It's safe to claim that printmaking, as we know it now regarding historical and modern art, would not exist without Albrecht Dürer. He was among the most well-known and renowned printmakers in art history because although he lived about 500 years ago. He is specially credited with bringing large-scale woodcuts into the category of fine art and the curriculum of art history.
Albrecht Dürer's reputation was based primarily on his prints and product art. However, he also obtained contracts to paint religious scenes and portraiture, and these paintings are still highly respected for their mastery of color and draughtsmanship. He was the most well-known Northern Renaissance painter who blended the Italian Renaissance's ideals of harmonization, coherence, and historical significance with a meticulously detailed Northern style, and he still maintains that title today.
Albrecht and Barbara Dürer's third child, Dürer, was born in Nuremberg on March 21, 1471. The family would have at least 14 other children and may have as many as 18. After leaving Ajtós, a wealthy goldsmith in Hungary near Gyula, in 1455, his father migrated to Nuremberg. His last name was changed from Ajtósi to Türer, which is German for "doormaker," from the Hungarian Ajtósi. The family name ultimately became known as Dürer because of the regional pronunciation.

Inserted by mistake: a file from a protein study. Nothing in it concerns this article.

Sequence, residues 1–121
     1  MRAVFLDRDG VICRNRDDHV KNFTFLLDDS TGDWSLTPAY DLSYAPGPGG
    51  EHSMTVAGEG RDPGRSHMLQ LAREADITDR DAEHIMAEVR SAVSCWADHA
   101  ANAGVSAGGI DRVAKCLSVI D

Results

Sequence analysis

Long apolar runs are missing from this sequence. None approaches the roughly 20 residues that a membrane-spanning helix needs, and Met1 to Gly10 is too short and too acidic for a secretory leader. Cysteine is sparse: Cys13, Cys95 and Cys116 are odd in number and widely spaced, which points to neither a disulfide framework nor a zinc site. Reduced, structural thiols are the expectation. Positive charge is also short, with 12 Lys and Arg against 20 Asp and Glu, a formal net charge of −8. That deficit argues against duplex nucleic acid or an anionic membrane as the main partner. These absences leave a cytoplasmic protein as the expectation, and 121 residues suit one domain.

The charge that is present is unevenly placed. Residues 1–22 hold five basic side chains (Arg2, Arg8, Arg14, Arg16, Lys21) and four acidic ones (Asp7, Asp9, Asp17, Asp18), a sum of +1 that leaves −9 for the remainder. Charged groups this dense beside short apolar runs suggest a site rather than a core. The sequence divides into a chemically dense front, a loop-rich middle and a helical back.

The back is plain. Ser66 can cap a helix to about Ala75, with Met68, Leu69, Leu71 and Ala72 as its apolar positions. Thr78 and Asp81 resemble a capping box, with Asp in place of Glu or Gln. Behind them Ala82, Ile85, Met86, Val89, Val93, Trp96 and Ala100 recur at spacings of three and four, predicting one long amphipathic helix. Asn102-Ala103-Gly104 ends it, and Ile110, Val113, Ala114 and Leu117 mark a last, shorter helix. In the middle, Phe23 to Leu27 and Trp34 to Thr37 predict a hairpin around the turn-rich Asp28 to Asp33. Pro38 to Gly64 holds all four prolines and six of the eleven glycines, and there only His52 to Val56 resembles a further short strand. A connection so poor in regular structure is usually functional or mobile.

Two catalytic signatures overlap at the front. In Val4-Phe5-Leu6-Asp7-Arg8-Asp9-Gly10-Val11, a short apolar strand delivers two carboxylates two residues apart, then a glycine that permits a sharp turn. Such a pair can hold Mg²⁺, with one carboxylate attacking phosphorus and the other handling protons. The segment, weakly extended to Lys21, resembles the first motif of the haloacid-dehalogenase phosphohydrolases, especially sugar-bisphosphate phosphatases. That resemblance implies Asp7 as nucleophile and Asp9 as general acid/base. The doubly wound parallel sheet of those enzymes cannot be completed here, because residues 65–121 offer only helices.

Albrecht Dürer began his apprenticeship at his father's business at the age of 13, but his remarkable aptitude as a design that uses led to him starting an apprenticeship with the painter Michael Wolgemut at the age of 15, much to the dismay of his father at the time. Between 1486 and 1489, he trained under him.
He worked with other artists from 1490 to 1494 as a freelancer or traveler, as was customary at the time, to broaden his abilities and knowledge. Dürer returned to Nuremberg in July 1494 to wed Agnes Frey, a local coppersmith and lute maker's daughter. It is obvious from letters to his close friend Willibald Pirckheimer that the marriage, which Albrecht's parents sponsored, was not very happy because Dürer refers to Agnes as an "old crow" in one of the letters. The couple did not have any children. Nevertheless, Agnes played an important part in her husband's success by helping him sell his masterpieces at market stalls and fairs, accompanying him on some of his journeys, and managing his workshop while he was away.